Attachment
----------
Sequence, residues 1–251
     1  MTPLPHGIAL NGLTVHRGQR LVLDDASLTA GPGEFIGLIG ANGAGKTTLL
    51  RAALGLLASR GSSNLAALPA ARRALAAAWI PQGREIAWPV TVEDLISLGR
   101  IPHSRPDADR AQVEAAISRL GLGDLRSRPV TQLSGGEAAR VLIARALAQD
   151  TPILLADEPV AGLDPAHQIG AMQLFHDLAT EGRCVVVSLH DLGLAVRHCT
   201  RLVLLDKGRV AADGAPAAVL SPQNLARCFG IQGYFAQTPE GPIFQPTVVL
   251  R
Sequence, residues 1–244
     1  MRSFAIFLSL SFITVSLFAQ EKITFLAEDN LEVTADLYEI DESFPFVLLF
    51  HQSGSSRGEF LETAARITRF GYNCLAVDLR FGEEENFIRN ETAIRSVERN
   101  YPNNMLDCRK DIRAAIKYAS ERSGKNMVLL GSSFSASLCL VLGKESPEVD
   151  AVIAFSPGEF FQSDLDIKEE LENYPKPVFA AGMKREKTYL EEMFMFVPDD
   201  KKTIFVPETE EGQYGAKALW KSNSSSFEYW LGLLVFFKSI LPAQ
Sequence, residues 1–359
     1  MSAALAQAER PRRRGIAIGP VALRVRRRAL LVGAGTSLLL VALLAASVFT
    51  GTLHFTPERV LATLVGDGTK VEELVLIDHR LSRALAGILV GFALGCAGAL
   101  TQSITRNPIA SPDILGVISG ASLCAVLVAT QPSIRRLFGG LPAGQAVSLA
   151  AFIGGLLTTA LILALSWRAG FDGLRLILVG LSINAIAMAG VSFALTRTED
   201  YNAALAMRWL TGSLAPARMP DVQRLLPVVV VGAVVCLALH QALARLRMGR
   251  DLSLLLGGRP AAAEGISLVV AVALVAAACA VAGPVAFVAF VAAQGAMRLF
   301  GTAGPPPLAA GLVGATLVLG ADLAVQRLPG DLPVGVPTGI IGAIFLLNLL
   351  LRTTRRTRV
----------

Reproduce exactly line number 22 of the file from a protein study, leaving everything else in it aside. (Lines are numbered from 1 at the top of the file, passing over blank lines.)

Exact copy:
   351  LRTTRRTRV